Haiti is the poorest nation in the Western Hemisphere and among the 25 poorest in the world. The elite, about 10% of the population, earn 50% of the national income, while unemployment ranges from 30% to 70%. The penetration of transnational companies into the Haitian economy has contributed to the influx of peasants into Port-au-Prince. These changing demographics have caused both urban problems and social changes. While peasants have traditionally depended on the extended family and cooperative labor to survive, urban slum dwelling has weakened this aspect of the social fabric.
Another problem is Haiti's extreme state of deforestation. With wood fuels accounting for most of the country's energy consumption, deforestation of the once green, tree-covered land is now critical. The most direct effect of the destruction of trees has been soil erosion, which has made most of the land unsuitable for farming. The fluctuation of prices for agricultural products in the world market has also contributed to the decline in agriculture. The fall in coffee prices and the fluctuation in sugar prices have had a major impact on agricultural production and planning.
Negative stereotypes and cultural misunderstandings about Haiti are still prevalent, and many Haitian American youngsters lack a sense of ethnic pride because of the negative publicity related to the political turmoil that hinders Haiti's chances to progress socially and economically. As a result of problems such as prejudice and difficulty in English, younger Haitians sometimes present themselves at various times as African Americans, Caribbean Americans, West Indians, or Haitian Americans, depending on the current sociopolitical climate in both Haiti and the United States.
Officially, there is no discrimination against women in Haiti. Women have recently held prominent positions in both the public and private sectors, and a Ministry for Women's Affairs was established in 1995. For some Haitians, however, women's roles are limited by tradition. Peasant women remain largely in the traditional occupations of farming, marketing, and housework. In general, Haitian women have been more active in the labor force than women in other Latin American countries, perhaps because the rewards for their labor are greater. In the coffee industry, marketers (persons who transport coffee beans to local and urban markets to sell) are almost exclusively female and are known as "Madam Saras." Income earned from agricultural production belongs to both husband and wife, but income earned from nonfarm business activities does not have to be shared with the husband, and, as a result, many women are economically independent.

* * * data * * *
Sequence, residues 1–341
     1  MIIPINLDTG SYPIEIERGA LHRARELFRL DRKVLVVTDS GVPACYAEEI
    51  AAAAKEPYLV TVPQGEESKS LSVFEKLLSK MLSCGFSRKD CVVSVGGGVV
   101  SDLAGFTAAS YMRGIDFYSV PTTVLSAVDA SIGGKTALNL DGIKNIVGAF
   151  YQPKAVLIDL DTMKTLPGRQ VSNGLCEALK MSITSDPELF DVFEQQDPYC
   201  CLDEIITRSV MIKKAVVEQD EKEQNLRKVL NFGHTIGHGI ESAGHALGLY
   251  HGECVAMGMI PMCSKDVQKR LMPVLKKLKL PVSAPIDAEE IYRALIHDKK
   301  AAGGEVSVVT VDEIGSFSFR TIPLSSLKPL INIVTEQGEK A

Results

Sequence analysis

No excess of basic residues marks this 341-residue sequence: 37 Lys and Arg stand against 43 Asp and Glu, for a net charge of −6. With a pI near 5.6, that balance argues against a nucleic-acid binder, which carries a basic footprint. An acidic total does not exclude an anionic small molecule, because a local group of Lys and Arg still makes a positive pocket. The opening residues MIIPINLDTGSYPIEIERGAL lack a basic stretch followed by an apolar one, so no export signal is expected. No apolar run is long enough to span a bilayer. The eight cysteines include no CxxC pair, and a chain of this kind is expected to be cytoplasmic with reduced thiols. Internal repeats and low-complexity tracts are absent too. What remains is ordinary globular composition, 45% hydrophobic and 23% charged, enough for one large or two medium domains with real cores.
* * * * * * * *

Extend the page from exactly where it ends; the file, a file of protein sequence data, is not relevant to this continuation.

Rural Haitian girls, however, are at great risk of exploitation. The abject poverty of rural Haitians has led many to send their children to the cities to work as unpaid domestic servants, known as restevek in Haitian Creole. There are estimates that over 300,000 children in Haiti, three-fourths of them girls, are resteveks. The children often work long hours, receive little food, and some are known to be beaten or sexually abused. Human rights organizations such as the National Coalition for Haitian Rights are working to eliminate this practice, with minimal success so far.
Portions of this article were excerpted from The Haitians: Their History and Culture. Washington, D.C.: Center for Applied Linguistics, 1994.
Abbott, Elizabeth. Haïti: The Duvaliers and Their Legacy. New York: Touchstone, Simon and Schuster, 1991.
Civan, Michele Burtoff. The Haitians: Their History and Culture. Washington, D.C.: Center for Applied Linguistics, 1994.
Delva, Joseph Guyler. "Haitian Food Crisis Sending Refugees to the Sea," http://www.reuters.com/article/americasCrisis/idUSN4M218228 (24 April 2008).
Laguerre, Michel. The Military and Society in Haïti. Knoxville: University of Tennessee Press, 1993.
National Coalition for Haitian Rights. "Restavek Campaign," http://www.nchr.org/hrp/restavek/overview.htm (24 April 2008).
Nicholls, David. Haiti in Caribbean Context: Ethnicity, Economy, and Revolt. New York: St. Martin's Press, 1985.
Ott, Thomas O. The Haitian Revolution, 1789–1804. Knoxville: University of Tennessee Press, 1973.
Perusse, Roland. Historical Dictionary of Haiti. Metuchen, NJ: Scarecrow Press, 1977.
Savain, Roger E. Haitian-Kreol in Ten Steps: Dis Pa Nan Kreyòl Ayisyen-an. Rochester, VT: Schenkman Books, 1993.
U.S. Department of State. "Background Note: Haiti," http://www.state.gov/r/pa/ei/bgn/1982.htm (24 April 2008). USAID. "Haiti," http://www.usaid.gov/policy/budget/cbj2006/lac/ht.html (24 April 2008).
—by D. K. Daeg de Mott
ETHNONYMS: Ayisyens, Haïtiens, Haytians
Identification. The Republic of Haiti is the second-oldest independent nation in the Western Hemisphere, and it is the only one with a French-Creole background and an overwhelmingly African culture. Large communities of Haitians exist outside Haiti, especially in the Dominican Republic, on other Caribbean islands, in Central America and northern South America, and in North America. The second-largest Haitian community, after Port-au-Prince, the Haitian capital, is in New York City, with about 500,000 members.